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Poster Numbers 294 – 318 – Ethics, education & communication: Poster No: 311
Moodling through: the virtual world of the palliative medicine trainee
  1. Kate Marley1,
  2. Kathryn Gaunt2,
  3. Karen Groves3 and
  4. Alison Coackley4
  1. 1University Hospital Aintree, Liverpool, UK
  2. 2Royal Preston Hospital, Preston, UK
  3. 3Queenscourt Hospice, Southport, UK
  4. 4Willowbrook Hospice, Whiston, UK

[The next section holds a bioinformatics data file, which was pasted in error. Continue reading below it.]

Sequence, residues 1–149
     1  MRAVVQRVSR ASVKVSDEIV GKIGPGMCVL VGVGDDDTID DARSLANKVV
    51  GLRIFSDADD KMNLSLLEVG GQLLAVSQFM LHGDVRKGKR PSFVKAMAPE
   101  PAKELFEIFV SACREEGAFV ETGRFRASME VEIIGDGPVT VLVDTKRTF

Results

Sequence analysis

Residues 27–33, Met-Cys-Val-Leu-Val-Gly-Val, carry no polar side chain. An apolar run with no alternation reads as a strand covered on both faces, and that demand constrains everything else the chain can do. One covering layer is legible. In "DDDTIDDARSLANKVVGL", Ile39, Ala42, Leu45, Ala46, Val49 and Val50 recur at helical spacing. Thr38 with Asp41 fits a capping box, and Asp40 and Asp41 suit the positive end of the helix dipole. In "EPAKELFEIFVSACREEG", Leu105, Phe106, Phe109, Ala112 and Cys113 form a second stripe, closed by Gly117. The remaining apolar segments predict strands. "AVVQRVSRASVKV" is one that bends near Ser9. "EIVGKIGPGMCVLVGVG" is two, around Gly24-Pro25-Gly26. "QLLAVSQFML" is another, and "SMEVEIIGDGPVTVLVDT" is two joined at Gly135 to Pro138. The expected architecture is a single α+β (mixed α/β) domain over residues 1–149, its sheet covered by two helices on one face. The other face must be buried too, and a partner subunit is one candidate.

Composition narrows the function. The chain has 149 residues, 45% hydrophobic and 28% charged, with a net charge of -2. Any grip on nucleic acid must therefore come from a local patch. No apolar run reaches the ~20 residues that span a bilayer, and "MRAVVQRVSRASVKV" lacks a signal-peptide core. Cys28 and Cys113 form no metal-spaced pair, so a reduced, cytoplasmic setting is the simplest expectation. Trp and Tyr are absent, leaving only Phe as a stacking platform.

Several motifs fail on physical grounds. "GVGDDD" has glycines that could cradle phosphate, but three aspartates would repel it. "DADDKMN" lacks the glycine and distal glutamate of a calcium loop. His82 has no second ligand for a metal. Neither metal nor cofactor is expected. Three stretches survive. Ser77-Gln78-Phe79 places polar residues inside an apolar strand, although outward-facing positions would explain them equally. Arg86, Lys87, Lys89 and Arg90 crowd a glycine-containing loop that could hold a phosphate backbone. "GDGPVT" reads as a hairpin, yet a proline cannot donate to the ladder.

Background Trainees in Palliative Medicine in the Mersey Deanery require experience of a variety of work settings during training which leads to them being scattered within the region. Some services have only one trainee and there are few opportunities for the trainees to meet. Regular contact between trainee colleagues provides the benefit of peer support in an emotionally challenging specialty. Informal discussions and exchange of clinical and educational information can be maintained and there are opportunities to discuss new developments within the specialty with colleagues at a similar level to oneself. In the current economic climate UK health chiefs are striving to reduce cost in all areas of healthcare including study budgets and trainees must be creative in their efforts to fulfil their curriculum requirements. Addressing the problems: To enhance the educational and supportive contact between trainees, an online electronic learning platform has been developed specifically for Mersey Deanery Palliative Medicine trainees. The platform used is Moodle, a free and open-source virtual learning environment. Trainees have a personal login and password and are then able to access: • Links to resources and websites covering the Palliative Medicine curriculum and e-portfolio • A monthly journal club • Fora for discussion of challenging anonymised clinical cases and provision of peer support. • A revision area for trainees sitting the specialty examination • Calendar marking important dates for trainees Progress Report: The website is used regularly. Trainees have more contact with each other than previously and trainees in different locations are participating in online clinical discussions. There are over 200 trainee activity logs per month across the site and there have been over 2800 activity logs since the site was set up in March 2011. Formal evaluation will take place at the end of the first year of the site's use.

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